BD: What are you telling people dealing with this unique lack of motivation? How can people adapt or transition to this new environment and new reality? BS: What’s happening is that we thought things would come back to normal by this point but now, it feels more a rollercoaster: we’re going down another hill, and we’re not sure when the coaster will end. That uncertainty breeds anxiety, and it contributes even more [to the] feeling of [being] trapped.
Let’s talk about how you get out of this. There was a famous theologian at Emory University’s theology school named Jim Fowler who used to say “You want to give people hope and handles.” Hope and handles is the best antidote for the time we’re in now.
With hope — people need to anchor to something in the future that motivates and excites them. We know that there will be some kind of normal, at some point in the future. We just don’t know when.
What handles represents is “What can I do now?” In times of uncertainty, one antidote is clarity. While we can’t be clear on how things are going to look a month from now, we can be clear on this week. What’s something people can do this week that either leads them towards something they’re excited about in the future, or gives them what they need?
BD: Do you recommend fewer Zoom calls as well? Or is there anything that managers can do to bring hope and handles for their employees? BS: Hope and handles is for everybody. But one thing that managers need to do in times of chaos is create more structure and consistency, while also mixing in some variety. Maybe it’s not always a Zoom call — I’ve been recommending people switch video calls into phone calls.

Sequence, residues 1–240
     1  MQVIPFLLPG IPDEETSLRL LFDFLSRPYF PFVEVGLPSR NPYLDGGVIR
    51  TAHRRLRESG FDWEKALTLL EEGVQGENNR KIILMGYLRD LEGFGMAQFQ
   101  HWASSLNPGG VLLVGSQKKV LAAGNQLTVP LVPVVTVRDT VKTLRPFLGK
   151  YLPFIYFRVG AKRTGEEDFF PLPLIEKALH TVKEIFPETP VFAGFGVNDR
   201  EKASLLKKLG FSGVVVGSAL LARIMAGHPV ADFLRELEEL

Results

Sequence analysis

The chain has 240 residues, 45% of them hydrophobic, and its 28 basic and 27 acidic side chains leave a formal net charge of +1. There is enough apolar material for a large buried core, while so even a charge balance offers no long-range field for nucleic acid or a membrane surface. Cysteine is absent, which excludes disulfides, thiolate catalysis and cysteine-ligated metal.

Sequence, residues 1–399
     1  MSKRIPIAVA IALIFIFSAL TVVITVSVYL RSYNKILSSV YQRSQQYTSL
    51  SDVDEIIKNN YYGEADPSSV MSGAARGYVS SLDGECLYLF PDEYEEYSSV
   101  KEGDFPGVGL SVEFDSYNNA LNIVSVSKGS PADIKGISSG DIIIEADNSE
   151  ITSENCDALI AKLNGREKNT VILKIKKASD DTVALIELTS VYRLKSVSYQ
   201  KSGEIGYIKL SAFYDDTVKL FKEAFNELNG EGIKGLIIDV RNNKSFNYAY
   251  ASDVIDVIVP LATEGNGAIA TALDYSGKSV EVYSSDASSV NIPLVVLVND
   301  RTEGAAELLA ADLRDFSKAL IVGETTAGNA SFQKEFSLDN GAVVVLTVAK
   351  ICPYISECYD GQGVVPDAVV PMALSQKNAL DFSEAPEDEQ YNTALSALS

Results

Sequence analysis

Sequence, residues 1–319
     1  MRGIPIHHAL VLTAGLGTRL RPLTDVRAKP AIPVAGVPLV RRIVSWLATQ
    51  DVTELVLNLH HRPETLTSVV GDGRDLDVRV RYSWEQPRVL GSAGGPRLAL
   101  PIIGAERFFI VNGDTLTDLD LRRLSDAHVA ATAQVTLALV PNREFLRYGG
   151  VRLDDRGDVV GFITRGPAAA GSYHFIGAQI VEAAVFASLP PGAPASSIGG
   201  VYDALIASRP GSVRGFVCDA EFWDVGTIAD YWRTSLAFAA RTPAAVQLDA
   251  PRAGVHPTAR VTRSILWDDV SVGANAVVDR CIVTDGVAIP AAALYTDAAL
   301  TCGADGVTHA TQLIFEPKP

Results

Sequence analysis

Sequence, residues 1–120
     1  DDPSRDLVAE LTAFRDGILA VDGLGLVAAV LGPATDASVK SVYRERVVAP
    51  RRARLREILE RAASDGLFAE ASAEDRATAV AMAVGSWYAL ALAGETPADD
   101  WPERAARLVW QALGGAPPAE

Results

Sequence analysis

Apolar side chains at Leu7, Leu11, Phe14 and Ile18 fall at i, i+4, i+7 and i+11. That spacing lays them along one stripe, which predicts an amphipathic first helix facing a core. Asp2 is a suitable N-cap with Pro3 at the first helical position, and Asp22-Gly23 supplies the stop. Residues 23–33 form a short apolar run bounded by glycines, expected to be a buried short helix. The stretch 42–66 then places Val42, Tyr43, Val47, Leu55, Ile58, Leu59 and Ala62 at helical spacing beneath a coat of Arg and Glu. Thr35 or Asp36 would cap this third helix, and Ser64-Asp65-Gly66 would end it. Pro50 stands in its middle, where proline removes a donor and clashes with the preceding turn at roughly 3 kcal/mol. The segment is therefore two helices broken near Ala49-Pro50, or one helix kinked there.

From a motivation standpoint, I think it’s healthy for managers to have some hope and handles conversations right now with members of their team, to help people reframe and feel a little more in control. Something like, “I know we’re stuck in this hamster wheel now, but when things get back to normal, what is one thing you want to either do more of, change or improve for your role specifically?” Or for something a little more structured, there’s a simple technique of asking three questions: Stop, start, continue. “What’s one thing that you think we should stop? What’s one thing we should start doing differently? And what’s one thing we should continue?”
The other thing I would say to managers is to really work on honoring and protecting boundaries. Boundaries are really important for us in life. The way technology has evolved has broken down all natural boundaries between work and home. For me, protecting boundaries is not doing work calls outside of certain hours. Managers need to recognize that everyone’s experiencing the blending of work and life now, and be respectful of people’s boundaries and the needs of their particular situation.